Pluralistic: 06 May 2020

illustration,art,brazil,old school,hg wells,science fiction,Henrique Alvim Corrêa,k street,ppp,corporate dems,human centipede,dinos,weaponized shelter,banking collapse,pensions,uk,economics,business,bailouts,scarfolk,satire,uk,ukpoli,juking stats,outsider art,painting,food,not food,art,Itsuo Kobayashi,carceral state,prisons,law,miami,florida,puzzles,crowdfunders,cards against humanity,gift guide,magic

Alvim Corrêa's War of the Worlds illustrations; America's corporate lobbyists want a bailout; Sacrifice banks to save businesses; Scarfolk death statistics; Chef paints portrait of every meal he eats; Appeals court says Miami jail doesn't need to provide soap; Ohio's got snitchline for bosses whose workers who won't go back; Magic Puzzles

Pluralistic: 06 May 2020 moloch-demands-death


Today's links

Alvim Corrêa's War of the Worlds illustrations (permalink)

The French edition of HG Wells's War of the Worlds was published in 1900, and after several successful editions, it was reprinted in 1906 with illustrations from the Brazilian artist Henrique Alvim Corrêa.

They're superb.

Even more interesting: Corrêa did the first batch of illustrations on spec, and went to London to pitch them to Wells in 1903. Wells insisted that a forthcoming Belgian edition include Corrêa's art: "Alvim Corrêa did more for my work with his brush than I with my pen."

Corrêa's illustrations are far superior to the original drawings that
Warwick Goble did for the first English edition:

As the Public Domain Review writes, "There is something visceral about almost all of Corrêa’s images… The illustration of the Martians training their fiery death beam may be familiar to us from 1000 comic books but it also conjures visions of the very real Great War to come."

America's corporate lobbyists want a bailout (permalink)

94.5% of the $349B that Congress appropriated for the small business Payroll Protection Plan went to giant, well-heeled corporations that raked in millions, while most small businesses got $0 after the fund ran out of money.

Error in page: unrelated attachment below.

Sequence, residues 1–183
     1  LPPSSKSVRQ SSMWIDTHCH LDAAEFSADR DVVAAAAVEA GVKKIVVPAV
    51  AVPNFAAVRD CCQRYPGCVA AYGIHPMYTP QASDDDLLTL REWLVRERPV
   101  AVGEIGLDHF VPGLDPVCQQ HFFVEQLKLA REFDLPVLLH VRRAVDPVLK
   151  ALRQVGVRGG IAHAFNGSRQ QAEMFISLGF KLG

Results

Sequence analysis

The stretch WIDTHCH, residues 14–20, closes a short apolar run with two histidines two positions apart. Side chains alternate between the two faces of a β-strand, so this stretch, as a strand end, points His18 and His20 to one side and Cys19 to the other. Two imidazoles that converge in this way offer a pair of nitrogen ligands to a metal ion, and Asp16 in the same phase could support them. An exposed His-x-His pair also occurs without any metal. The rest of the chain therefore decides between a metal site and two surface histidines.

So Congress appropriated a second tranche of money, bringing the total up to $660B. Most of that also went to well-heeled corporations and not struggling small businesses.

For example, the $40,000/year Brentwood School in LA (which boasts a massive endowment) got $5.2M. Treasury Secretary Mnuchin's kids are students.

Another PPP recipient: St. Andrew’s Episcopal School in Potomac, MD, which is attended by Barron Trump.

Who deserves small business bailout money even less?

How about literal K-Street lobbyists who represent the fattest, most monopolistic corporations in the country, spending millions to bribe Congress and the administration to nerf health, safety, and labor protections?


The American Society of Association Executives (a lobby group for people who run lobby groups) (no, seriously), has written to Congress demanding that they get a bailout.

Its signatories include swell fellows like Chet Thompson of the American Fuel & Petrochemical Manufacturers Association, whose salary of $1.8 million rewards him for his fine work on behalf of "Exxon, Koch Industries, and Motiva Enterprises, the U.S. arm of Saudi Aramco."

In Wisconsin, the state branch of the US Chamber of Commerce is seeking bailouts for some of the most freespending legislative suborners in the country.

For example, the American Chemistry Council, which employs 64 lobbyists and "spends lavishly on campaign-style television advertisements for favored lawmakers."